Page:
To keep this livelihood, you do all that’s humanly possible. And maybe some things that aren’t, should it come to that. Because you are in the hospitality business, and you would do anything, anything to stay in business.

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Stephanie: or, a treatise on the morality of seat-sharing on public transit

I sat in the back. That’s what you’re supposed to do, isn’t it? Common courtesy. The front of a bus is for all the folks who can’t climb the toecruncher steps to the back, old folks whose asses can’t stand the unpadded plastic buckets of the seats. I climbed to the back and then I sat with my bag in the seat beside me.

Right after McClellan, I got that feeling. You know, when someone standing nearby is looking very intently at you. Me, I don’t react. If you can’t be bothered to grab my attention overtly, you don’t get it.

Through the reflection in the back of my sunglasses, I could see there was a girl standing beside my seat. She was holding one of the bars and had her backpack down by her feet. Her face scrunched under the weight of her irritation, I could even see she was a little red. The next time the bus stopped, she accidentally-on-purpose let her free hand swing forward and hit me.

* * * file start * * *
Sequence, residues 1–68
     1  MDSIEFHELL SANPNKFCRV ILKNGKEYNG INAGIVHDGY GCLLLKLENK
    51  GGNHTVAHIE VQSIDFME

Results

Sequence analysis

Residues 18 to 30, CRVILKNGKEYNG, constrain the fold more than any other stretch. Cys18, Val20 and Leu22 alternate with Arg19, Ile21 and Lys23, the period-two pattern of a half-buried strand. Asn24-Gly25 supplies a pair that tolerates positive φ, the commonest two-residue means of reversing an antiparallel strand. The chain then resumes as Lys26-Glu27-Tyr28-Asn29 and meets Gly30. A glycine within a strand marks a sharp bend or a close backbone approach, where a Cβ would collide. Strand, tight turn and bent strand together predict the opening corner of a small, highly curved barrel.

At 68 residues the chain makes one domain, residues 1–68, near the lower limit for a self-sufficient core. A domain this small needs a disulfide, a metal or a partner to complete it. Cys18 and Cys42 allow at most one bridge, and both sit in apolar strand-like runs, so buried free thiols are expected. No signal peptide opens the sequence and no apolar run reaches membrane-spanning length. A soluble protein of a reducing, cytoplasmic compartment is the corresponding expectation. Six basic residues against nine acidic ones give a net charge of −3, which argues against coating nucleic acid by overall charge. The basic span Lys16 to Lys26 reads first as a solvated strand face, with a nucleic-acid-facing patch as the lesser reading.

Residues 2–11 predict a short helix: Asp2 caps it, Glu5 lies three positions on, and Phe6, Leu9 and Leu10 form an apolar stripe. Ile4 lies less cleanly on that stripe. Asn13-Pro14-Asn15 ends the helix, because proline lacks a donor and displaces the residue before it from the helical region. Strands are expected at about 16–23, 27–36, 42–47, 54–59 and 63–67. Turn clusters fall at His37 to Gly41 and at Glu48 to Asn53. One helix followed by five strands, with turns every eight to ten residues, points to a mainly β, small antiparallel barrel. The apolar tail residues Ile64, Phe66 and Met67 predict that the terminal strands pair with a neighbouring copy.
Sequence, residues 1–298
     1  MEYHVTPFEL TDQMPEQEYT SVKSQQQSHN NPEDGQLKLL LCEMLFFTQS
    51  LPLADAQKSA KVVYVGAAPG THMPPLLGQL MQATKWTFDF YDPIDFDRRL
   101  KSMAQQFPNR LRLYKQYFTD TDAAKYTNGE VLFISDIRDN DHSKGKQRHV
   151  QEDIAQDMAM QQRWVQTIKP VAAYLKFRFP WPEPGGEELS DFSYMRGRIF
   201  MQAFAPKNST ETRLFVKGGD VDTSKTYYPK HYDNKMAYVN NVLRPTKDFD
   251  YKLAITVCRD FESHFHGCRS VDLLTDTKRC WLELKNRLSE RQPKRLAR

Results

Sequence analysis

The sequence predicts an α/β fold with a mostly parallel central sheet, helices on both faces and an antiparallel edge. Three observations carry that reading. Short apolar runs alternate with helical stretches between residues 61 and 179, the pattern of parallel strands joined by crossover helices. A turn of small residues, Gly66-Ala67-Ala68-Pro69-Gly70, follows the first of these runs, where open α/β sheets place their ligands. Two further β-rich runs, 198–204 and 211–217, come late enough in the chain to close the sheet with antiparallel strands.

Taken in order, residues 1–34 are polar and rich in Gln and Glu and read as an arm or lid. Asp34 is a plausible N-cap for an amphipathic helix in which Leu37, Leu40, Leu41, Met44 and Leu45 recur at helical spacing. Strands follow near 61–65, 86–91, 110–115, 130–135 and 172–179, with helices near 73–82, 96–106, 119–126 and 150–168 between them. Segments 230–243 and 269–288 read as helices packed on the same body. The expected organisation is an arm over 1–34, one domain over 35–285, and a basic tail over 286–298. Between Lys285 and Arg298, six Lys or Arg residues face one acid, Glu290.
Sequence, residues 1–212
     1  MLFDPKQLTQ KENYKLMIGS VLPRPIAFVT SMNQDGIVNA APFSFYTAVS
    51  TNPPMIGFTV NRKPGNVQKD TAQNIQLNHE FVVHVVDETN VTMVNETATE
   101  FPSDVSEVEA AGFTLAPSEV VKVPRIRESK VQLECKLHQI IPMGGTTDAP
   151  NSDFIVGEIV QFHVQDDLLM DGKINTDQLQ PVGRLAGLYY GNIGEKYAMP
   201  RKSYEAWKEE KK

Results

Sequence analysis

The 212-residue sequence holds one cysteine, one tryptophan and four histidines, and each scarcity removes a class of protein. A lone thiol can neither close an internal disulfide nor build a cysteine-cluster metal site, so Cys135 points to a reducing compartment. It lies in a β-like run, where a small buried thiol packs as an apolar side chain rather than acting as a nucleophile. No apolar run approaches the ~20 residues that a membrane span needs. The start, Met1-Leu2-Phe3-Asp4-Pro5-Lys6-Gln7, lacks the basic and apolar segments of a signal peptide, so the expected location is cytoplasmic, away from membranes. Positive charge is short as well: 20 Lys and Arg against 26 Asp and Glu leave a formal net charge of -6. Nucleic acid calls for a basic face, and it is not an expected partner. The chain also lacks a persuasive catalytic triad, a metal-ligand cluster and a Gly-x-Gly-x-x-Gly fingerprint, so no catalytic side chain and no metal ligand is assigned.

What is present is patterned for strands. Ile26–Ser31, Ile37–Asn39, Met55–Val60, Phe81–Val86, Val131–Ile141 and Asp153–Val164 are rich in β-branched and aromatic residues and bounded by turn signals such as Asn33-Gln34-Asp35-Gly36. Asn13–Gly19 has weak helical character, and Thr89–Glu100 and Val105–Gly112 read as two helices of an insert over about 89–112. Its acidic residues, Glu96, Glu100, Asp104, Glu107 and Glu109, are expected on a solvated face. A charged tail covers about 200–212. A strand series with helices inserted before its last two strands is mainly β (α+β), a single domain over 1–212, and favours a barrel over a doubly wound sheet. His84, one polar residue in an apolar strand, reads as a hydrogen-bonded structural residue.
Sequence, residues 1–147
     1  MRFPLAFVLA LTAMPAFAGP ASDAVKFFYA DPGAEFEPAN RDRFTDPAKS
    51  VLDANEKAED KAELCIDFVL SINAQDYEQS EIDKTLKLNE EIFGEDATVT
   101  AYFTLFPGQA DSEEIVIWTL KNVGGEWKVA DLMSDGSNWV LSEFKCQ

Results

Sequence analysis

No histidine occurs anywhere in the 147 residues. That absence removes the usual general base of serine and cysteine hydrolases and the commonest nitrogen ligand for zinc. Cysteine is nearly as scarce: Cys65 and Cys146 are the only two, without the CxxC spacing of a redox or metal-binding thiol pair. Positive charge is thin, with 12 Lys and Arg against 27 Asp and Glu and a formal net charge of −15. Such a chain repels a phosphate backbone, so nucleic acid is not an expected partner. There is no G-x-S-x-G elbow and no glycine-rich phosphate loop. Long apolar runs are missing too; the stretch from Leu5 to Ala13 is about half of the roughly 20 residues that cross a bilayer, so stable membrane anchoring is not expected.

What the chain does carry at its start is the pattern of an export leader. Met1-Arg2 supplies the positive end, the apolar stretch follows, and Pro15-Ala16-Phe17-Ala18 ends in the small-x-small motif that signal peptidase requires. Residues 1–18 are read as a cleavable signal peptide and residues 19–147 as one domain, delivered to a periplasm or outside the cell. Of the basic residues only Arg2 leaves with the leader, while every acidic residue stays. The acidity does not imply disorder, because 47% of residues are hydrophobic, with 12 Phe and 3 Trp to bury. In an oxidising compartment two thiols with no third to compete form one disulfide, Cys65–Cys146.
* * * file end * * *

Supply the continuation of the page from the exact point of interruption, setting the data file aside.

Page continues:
I do my best not to react in these situations. Years of public transit had dampened my enthusiasm for interacting with complete strangers. I brushed off my shoulder and pretended to read my paper.

The girl yelled a loud “a-hem!”

I looked up, plucking out an earbud. “Can I help you?”

“I wanna sit here.” Not can I sit here, not is anyone sitting here, I wanna sit here.

I looked across the aisle. “There’s an empty seat right over there.”

She was red in the face, and her eyes were narrowed into little gleaming slits.

“You gotta let me sit here,” she said, “it’s rude.”

“Ah,” I said, “so.”

Neither of us made a move.

“Why can’t I sit here?”

“Because I don’t want you to,” I said plainly. She thumped the plastic seat with her foot.